ISMA Encryption and Authentication is one of the three chosen technologies for service protection in DVB-H (Digital Video Broadcasting - Handheld), the TV system for portable handheld devices. In this article we'll first review the DVB-H TV transmission system, and then examine more closely the issue of service protection and how the new ISMACryp 1.1 standard works.
DVB-H System Architecture
DVB-T is the European consortium standard for the broadcast transmission of digital terrestrial television. DVB-H defines a new set of services for handheld devices. It uses the already established DVB-T (terrestrial) broadcast system and delivers its services over the Internet Protocol (IP). The IP packets are transported in MPEG-2 transport stream (MPEG2-TS), similar to MPEG-2 video.
Figure 1: DVB-H sender architecture
The example in Fig. 1 illustrates a possible DVB-H broadcast system consisting of two IP data sources, an IP-Encapsulator for putting IP packets in MPEG2-TS and a DVB-H modulator for the RF broadcast signal generation. The IP data sources consist of a Streaming Server which produces RTP media streams (containing AAC audio and AVC/H.264 video) and a source for other IP data, containing e.g. ESG (electronic service guide) data or MP4 files with media data, delivered with the FLUTE protocol.
Figure 2: DVB-H receiver architecture
The DVB-H broadcast signal is received by a handheld device with a DVB-H demodulator inside. This demodulator is a virtual network device for the operating system and decapsulates the IP packets from the MPEG2-TS for a selected service. A DVB-H application on the handheld device is usually built on top of the ESG, which controls the DVB-H demodulator and an A/V player for the RTP media stream consumption, as illustrated in Fig. 2.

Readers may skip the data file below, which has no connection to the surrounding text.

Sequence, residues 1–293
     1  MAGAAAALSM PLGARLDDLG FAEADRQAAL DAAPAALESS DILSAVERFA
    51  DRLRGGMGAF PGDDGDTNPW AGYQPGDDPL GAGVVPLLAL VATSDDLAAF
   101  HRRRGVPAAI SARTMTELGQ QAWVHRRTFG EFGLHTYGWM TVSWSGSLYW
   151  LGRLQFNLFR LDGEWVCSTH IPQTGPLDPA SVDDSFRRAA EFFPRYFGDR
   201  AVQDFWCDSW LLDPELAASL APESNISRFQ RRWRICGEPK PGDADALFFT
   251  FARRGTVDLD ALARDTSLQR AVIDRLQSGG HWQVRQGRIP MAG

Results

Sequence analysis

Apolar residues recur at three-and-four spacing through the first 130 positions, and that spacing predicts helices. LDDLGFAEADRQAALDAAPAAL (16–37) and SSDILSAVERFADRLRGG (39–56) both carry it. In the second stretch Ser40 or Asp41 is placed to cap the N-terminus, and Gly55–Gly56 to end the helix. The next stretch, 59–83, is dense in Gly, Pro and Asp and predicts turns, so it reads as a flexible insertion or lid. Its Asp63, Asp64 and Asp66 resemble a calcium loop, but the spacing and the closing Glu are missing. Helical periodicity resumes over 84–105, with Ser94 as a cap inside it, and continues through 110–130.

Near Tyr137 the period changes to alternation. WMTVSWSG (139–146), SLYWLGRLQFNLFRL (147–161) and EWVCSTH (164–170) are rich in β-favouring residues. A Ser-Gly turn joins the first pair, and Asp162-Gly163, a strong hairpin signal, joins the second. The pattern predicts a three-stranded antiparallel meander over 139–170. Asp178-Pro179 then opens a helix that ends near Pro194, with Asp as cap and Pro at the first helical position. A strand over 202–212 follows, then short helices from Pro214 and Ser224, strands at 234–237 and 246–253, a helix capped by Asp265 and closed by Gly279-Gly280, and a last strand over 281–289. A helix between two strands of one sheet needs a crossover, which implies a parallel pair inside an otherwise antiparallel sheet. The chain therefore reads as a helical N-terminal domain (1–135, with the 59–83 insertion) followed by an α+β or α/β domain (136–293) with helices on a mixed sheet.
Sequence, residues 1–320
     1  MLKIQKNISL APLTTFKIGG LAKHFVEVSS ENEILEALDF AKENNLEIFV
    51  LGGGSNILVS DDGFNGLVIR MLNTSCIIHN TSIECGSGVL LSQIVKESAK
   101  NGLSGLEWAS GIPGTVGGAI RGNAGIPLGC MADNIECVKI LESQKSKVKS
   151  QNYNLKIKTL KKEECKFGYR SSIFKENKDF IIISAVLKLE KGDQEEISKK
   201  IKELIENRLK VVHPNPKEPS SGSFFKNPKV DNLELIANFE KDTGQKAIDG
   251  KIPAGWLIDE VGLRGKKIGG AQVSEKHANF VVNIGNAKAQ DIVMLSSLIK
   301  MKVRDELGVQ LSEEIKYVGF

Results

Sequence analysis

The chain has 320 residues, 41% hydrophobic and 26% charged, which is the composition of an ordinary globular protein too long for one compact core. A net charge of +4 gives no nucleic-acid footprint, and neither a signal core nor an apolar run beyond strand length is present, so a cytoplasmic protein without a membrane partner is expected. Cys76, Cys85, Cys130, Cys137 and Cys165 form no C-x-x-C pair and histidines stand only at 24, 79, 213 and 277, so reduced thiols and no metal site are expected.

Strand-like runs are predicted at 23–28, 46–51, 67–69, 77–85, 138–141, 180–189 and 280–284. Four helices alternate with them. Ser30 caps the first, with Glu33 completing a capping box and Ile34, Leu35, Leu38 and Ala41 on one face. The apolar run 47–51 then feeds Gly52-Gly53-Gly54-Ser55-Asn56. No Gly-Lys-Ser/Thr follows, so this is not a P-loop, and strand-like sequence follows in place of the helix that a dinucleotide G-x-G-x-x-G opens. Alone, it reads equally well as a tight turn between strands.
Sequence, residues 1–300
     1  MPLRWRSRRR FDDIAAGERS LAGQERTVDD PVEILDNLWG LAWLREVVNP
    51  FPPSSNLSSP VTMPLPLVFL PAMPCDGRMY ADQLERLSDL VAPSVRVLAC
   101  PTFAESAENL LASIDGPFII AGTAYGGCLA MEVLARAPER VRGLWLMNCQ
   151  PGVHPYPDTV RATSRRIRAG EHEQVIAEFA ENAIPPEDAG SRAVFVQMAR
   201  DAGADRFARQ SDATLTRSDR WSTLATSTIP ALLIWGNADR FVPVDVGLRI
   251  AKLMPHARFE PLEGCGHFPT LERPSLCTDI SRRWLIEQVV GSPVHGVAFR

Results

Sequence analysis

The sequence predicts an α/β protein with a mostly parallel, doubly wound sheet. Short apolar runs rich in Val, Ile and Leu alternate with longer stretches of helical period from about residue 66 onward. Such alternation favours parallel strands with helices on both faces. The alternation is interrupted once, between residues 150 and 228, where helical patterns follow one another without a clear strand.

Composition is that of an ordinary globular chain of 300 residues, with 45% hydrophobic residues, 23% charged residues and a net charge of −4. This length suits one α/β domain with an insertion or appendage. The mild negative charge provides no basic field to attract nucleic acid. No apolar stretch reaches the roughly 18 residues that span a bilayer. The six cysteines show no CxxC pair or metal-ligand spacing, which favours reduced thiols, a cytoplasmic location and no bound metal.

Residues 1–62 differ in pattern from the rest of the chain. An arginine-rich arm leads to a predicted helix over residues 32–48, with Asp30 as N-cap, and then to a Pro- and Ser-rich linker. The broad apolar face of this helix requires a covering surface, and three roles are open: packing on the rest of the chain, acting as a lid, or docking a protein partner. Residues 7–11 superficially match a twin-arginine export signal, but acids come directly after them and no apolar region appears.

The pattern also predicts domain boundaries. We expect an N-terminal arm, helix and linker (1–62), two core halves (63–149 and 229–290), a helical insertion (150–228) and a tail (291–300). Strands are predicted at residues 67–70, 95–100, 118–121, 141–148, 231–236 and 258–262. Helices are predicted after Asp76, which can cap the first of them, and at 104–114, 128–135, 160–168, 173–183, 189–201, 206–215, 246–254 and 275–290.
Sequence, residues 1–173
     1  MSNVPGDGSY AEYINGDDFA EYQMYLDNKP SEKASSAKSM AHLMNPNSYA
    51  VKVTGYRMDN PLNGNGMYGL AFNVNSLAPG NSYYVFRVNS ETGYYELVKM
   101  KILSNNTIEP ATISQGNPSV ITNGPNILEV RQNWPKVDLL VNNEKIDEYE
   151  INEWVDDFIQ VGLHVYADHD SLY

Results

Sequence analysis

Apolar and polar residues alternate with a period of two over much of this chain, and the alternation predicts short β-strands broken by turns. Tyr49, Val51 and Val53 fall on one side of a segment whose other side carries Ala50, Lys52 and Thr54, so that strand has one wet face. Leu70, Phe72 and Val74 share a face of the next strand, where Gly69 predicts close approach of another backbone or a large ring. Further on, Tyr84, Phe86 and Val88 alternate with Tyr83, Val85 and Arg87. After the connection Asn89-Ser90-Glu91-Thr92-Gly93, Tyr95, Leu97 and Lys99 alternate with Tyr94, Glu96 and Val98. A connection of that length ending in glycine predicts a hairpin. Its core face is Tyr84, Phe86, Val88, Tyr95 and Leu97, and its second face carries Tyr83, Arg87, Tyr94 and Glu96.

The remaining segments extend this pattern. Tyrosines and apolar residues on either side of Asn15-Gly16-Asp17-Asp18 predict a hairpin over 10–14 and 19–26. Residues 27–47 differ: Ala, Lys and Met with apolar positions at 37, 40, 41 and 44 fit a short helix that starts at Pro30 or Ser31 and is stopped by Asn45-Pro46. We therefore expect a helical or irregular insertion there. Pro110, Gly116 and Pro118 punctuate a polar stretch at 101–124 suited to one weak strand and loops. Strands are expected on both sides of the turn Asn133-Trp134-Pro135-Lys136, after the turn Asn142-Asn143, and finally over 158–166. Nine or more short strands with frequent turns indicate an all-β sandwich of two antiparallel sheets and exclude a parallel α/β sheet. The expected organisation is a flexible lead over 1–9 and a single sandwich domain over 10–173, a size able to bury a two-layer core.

For simplicity, only the A/V player component is covered in this article; the server side is out-of-scope.
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Figure 3: Fraunhofer IIS DVB-H receiver architecture
The ESG, A/V player and KMS (key management system) interact closely in a typical DVB-H application suite on the handheld device as illustrated in Fig. 3. When the user selects a program after browsing the ESG, the device will tune on the right DVB-H stream. This stream is then received by the invoked A/V player component that consumes the packets, extracted from the broadcast signal by the DVB-H demodulator. If the stream is encrypted, encrypted keys are sent to the KMS. The KMS provides the keys to the player component which then can decrypt the received data.
Figure 4: MPEG-4 access units packetised according to RFC3640
In Fig. 4 the structure of a typical RTP packet with DVB-H media content is illustrated. RTP is a protocol which is generally built on top of UDP and IP to transport real-time data efficiently. It has different payload formats, depending on the transported data. The illustration assumes two concatenated MPEG-4 access units (AUs) as the transported data and RTP packetisation according to RFC3640, for e.g. transporting two HE-AAC-coded audio frames.
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